Giving to cause is an investment in your reputation, an investment in your customers and an investment in your employees — so why is it not treated that way?
In a world where we increasingly choose to drink our lattes out of reusable cups, we tut (shamefully — but we do it) at those who don’t recycle and feel like we are part of making a difference. Our clients and customers are noticeably more discerning about their choices too; They choose brands and providers who do more than just sell us something. And whether you’re a one-person-band or a new brewery, this affects you.
One solitary cup is not going to change our problem with plastic, but you feel like your cup may influence a passer by, that it matters. You order the more sustainable hake not the overfished cod. One fish? It matters. Small actions become revolutions. Revolutions change the way our world works.
But we know why we are doing these things. Because at our core, we know (unless you’re Nigel Lawson) that the environment matters and social issues matter to the overwhelming majority of us.
This is why Salesforce.com, Dove, Johnson & Johnson, Nike, Adidas, the list goes on and on, donate time and money to cause. But wait. I deliberately choose these names because they are the big dogs. The ones people are really looking at when we say “companies should contribute more!” But why?
Yes they have enormous footprints across the UK (and the globe), but we have 5.7 million SMEs on this tiny alien shaped island with the big bum. It’s these SME communities that really have the capacity to be the biggest force of change.
But each one of these MDs/CEOs/Founders, is a business owner/director first and foremost. There are priorities: cashflow, funding, payroll, budgets for marketing and software and office space etc.. Understandably, even though the stats show giving intent is huge, it rarely makes it onto the agenda let alone the priority list.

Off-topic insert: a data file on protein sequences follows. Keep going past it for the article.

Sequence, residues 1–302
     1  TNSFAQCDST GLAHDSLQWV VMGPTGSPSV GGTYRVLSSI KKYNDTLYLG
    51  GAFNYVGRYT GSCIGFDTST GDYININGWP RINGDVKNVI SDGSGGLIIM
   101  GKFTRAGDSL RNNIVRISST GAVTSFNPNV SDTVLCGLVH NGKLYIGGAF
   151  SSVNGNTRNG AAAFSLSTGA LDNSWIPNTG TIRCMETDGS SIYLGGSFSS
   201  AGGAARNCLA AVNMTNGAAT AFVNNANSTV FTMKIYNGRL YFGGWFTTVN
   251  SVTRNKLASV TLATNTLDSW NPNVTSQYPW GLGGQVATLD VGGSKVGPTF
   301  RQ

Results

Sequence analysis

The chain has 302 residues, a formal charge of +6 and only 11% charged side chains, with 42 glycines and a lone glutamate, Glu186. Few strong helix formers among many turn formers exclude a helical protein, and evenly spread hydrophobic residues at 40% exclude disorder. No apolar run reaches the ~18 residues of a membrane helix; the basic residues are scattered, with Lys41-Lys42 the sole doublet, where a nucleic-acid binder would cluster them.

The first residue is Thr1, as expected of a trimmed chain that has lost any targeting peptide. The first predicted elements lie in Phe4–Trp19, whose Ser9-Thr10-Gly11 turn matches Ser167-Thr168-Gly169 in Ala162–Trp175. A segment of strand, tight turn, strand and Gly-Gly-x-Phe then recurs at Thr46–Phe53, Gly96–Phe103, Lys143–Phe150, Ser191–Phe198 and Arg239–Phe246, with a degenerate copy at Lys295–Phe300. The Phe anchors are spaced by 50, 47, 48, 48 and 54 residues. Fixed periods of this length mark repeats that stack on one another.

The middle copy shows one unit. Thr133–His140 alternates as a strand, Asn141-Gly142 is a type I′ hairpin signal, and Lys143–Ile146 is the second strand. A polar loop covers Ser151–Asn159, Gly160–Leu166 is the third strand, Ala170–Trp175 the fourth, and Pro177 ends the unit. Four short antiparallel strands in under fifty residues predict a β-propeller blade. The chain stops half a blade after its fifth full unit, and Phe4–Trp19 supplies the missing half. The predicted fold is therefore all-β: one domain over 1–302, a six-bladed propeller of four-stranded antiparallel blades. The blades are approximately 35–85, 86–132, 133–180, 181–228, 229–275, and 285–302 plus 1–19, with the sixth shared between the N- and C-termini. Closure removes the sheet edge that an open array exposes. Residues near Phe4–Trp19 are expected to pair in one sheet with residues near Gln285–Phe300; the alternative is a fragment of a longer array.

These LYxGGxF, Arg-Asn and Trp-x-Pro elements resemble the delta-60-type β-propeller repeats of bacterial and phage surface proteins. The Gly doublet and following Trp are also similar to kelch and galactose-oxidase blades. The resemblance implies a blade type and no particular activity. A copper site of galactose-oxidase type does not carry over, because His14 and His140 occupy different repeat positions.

For most small business owners nothing is scarcer than cash and the last thing they are likely to be thinking about is ‘giving some of it away.’ But, as mad as it might seem it often makes sound commercial sense to do so — what if you looked at giving in the same way you looked at your marketing spend? Rather than it being something else that is ‘taxing’ on your business — it’s an investment. An investment in your reputation, an investment in your customers, an investment in your employees — an investment in your business. And with any investment you expect a return.
Not convinced? Well let’s take a look at the facts. Research shows that:
87% of businesses said corporate responsibility activity had a positive impact on their company’s reputation. The Charity Aid Foundation’s Corporate Market Study (2012)
55% of online consumers around the world surveyed said they would pay more for products and services from companies that are socially and environmentally responsible. Nielsen Global Survey on Corporate Social Responsibility (2014))
Businesses with a clear ‘Brand Purpose’, those seen as making lives better, grew three times faster in value on average over the past 12 year. Millward Brown BrandZ 2index (2017)
And for all those big enough and ugly enough to have employees…The Cone Communications Millennial Employee Engagement study revealed that 64% won’t take a job if a company doesn’t have strong corporate social responsibility values and that 83% would be more loyal to a company that helps them contribute to social and environmental issues. And it isn’t just about the millenials, the biggest contributors to cause are older people and women.
So there it is — your ROI. Think you don’t have the resource to implement changes like this? Think again. Work for Good is a vehicle. A plug and play CSR tool if you will. We help businesses donate to cause, help them with their promotion of their activity, give advice where needed and provide a network of other like-minded businesses for them to engage with.
Businesses aren’t able to support charities commercially unless they are compliant with the Charities Act as a Commercial Participator. Briefly, a business must make an agreement with any charity it intends to give to. As a result charities understandably don’t engage much with SMEs in this way but lament the loss of unrestricted income (their lifeblood). Here’s the “short” version of the Commercial Participator clause and if that wasn’t enough to get you revved up, here’s the mind numbing full version.